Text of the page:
Whether you are engaged in strategic planning for your organization’s risk management program or for its overall general management, an amazing tool is available to you and your leadership team.
And it’s all on a single sheet of paper!
In traditional risk management, only those risks that produce a loss (fire, earthquake, liability, etc.) are addressed. However, when an organization’s risk management system is taken to the next level of enterprise risk management, risks are addressed that can produce either a loss or a gain.
This shift usually elevates risk management to become part of an organization’s overall strategic planning process — with a renewed emphasis on the management of risk.
Two Harvard Business School professors, Drs. Robert Kaplan and David Norton, created a planning tool that’s now used all over the globe in organizations of all types and sizes.
This is only because it works!
On this single page will be your organization’s mission, vision and value statements, your long-term strategic goals plus current-year annual operational (tactical) objectives. In addition, a column is included to track current key performance indicators. Optional columns can be added to illustrate annual KPIs for the same operational objectives in preceding years.
And all on a single page!
One fundamental principle for its use is to stratify strategic and operational segments based on these categories:
• Customer focus — internal and external customers
• Continuous process improvement and innovation
• Professional development — training and education
A fourth segment is added to show the financial goals needed to fund the overall strategies and operations. This is where the “magic” of the Balanced Scorecard — as well as that part of its name, “balanced” — is found.
When the strategic goals and operational objectives in the BSC are balanced, without any one goal or objective overwhelming the others, the outcome is successful accomplishment of all financial targets! Reports on the BSC say this occurs “invariably” but I feel compelled to say “almost invariably.” Yet I’ve not seen this outcome fail to be accomplished.
The Balanced Scorecard captures all these values — and their tracking — on a single page!
I continue to emphasize that the notion of a single sheet of paper for a reason. I’ve seen so many strategic plans that are the result of arduous work by dedicated team members, yet a voluminous document is all too frequently the product. It ultimately finds itself on the proverbial shelf that only gathers dust.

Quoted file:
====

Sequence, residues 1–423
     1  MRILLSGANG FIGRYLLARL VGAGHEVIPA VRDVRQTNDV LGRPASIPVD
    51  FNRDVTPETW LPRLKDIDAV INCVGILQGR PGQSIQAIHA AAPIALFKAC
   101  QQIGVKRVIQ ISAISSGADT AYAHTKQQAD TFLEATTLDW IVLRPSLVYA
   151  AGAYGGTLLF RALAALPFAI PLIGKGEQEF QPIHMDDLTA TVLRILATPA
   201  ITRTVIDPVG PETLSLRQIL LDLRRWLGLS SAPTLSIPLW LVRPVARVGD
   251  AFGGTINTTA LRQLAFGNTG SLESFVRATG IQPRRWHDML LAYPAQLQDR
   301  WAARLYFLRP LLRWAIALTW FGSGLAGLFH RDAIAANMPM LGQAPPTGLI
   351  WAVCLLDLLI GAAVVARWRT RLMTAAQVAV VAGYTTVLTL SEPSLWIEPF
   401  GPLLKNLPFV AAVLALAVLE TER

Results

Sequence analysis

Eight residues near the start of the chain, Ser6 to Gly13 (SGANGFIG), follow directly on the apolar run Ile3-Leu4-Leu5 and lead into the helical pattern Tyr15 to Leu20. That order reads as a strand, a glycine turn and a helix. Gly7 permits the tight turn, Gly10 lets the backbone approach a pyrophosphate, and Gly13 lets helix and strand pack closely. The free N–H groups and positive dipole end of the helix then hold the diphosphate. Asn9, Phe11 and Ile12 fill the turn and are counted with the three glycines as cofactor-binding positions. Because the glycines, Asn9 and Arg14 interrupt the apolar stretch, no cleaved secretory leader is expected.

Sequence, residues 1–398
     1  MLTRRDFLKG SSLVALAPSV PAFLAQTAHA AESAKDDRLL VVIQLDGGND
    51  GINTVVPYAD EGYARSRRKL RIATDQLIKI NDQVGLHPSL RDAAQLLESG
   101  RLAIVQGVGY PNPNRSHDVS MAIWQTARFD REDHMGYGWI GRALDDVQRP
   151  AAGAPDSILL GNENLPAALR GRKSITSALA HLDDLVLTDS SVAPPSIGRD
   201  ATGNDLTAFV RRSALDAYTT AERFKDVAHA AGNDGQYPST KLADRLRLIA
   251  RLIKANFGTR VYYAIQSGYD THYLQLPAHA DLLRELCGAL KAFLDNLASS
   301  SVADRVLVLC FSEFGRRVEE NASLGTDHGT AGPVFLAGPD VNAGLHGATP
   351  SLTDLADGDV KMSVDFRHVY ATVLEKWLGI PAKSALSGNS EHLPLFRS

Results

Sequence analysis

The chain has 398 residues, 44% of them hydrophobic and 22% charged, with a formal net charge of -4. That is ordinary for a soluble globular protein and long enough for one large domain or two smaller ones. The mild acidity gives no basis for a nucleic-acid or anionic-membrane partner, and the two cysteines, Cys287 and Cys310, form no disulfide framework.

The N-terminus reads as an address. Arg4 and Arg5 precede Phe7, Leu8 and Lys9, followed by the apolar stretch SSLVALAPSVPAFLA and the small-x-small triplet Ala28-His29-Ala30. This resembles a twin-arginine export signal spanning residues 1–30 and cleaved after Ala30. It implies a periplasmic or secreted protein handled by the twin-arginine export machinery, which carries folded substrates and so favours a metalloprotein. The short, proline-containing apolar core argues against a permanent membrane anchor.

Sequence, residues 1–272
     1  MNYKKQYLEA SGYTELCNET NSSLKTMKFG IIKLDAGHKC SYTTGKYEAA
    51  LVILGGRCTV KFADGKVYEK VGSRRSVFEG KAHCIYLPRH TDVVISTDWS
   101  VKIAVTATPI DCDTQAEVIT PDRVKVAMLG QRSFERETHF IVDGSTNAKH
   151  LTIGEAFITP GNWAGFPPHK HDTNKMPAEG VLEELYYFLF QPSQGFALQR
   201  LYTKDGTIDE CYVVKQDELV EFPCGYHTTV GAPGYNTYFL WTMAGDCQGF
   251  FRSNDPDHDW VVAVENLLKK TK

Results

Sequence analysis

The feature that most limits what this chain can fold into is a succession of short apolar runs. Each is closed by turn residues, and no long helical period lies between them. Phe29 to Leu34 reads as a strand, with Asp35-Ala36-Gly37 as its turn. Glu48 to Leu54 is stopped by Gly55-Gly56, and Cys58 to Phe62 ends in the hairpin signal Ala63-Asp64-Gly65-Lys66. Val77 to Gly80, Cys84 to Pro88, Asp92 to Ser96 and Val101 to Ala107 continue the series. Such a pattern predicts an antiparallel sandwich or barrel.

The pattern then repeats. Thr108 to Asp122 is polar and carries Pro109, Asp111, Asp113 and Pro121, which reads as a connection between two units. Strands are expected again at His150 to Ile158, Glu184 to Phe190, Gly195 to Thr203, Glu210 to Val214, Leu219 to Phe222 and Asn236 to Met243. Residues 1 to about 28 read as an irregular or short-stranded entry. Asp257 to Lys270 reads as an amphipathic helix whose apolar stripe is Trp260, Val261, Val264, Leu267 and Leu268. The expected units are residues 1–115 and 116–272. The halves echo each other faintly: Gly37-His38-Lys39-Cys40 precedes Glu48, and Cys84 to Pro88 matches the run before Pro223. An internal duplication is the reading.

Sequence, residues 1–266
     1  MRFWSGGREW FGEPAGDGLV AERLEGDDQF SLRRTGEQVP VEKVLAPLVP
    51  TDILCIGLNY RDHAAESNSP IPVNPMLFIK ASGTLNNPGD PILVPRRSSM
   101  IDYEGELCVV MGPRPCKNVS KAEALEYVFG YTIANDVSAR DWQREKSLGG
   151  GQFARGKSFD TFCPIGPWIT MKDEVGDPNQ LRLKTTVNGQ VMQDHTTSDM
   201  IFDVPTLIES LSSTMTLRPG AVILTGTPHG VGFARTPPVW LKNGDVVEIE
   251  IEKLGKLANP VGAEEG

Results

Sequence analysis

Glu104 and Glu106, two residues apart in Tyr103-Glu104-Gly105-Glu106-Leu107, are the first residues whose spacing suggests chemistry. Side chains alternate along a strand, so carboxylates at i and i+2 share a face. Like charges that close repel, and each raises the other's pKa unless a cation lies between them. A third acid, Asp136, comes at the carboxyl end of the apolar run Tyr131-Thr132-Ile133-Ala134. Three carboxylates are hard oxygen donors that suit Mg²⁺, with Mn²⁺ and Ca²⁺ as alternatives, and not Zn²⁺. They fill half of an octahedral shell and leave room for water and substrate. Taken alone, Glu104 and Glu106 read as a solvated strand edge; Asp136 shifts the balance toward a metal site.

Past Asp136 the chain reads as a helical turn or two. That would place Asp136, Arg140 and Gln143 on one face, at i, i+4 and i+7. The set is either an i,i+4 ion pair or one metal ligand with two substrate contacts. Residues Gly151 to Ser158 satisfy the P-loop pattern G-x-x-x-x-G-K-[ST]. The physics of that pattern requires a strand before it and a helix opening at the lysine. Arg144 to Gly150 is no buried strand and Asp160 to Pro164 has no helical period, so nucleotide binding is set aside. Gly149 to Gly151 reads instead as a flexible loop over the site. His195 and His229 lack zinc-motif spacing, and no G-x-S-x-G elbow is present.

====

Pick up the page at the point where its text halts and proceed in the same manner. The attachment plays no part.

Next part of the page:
Simplicity is good. Simplicity has never been more needed than in our current complex times. Simplicity can be more effective than complexity.
This one-page plan is perfect for board meetings where board members’ perspectives are properly strategic from “30,000 feet.” Ground level operations are not. That perspective leads to micromanaging by the board — the nemesis of leadership of any organization.
Yet the “dirty little secret” that never seems to be mentioned in Harvard Business Review articles or others on the internet about the BSC is that supplemental “one pagers” are essential at the operational level. And that’s good, of course!
What’s needed at this operational level are action plans — one for each operational objective.
An action plan is intended to help board members know how their strategic goals in general, and operational objectives in particular, are intended to be accomplished by staff over time. Each is drafted by those responsible to do the work! Each will show who will do what by when and, if a budget is needed, for how much.
These two separate and distinct “one-pagers” are needed by any organization to make its vision a reality, to accomplish its strategic goals and operational objectives, and do so on schedule and within budget. Obviously, the board will need to approve — with or without revisions — any action plan before it’s implemented, especially where a budget is required.
For more detailed information, search “Balanced Scorecard” or “Kaplan and Norton” on the Internet. For a sample template, plus more detailed information than above, email me at email@example.com.
Then try a BSC pilot experiment within a department in your company or a committee within your organization. This test will prepare you well to use this amazing tool throughout your overall organization to transform your strategic plan into reality.
Then it will be time to celebrate!
John Pryor, CPCU, ARM, is a risk management and general management with CSU Bakersfield’s Small Business Development Center and an adjunct professor in the School of Business at CSUB.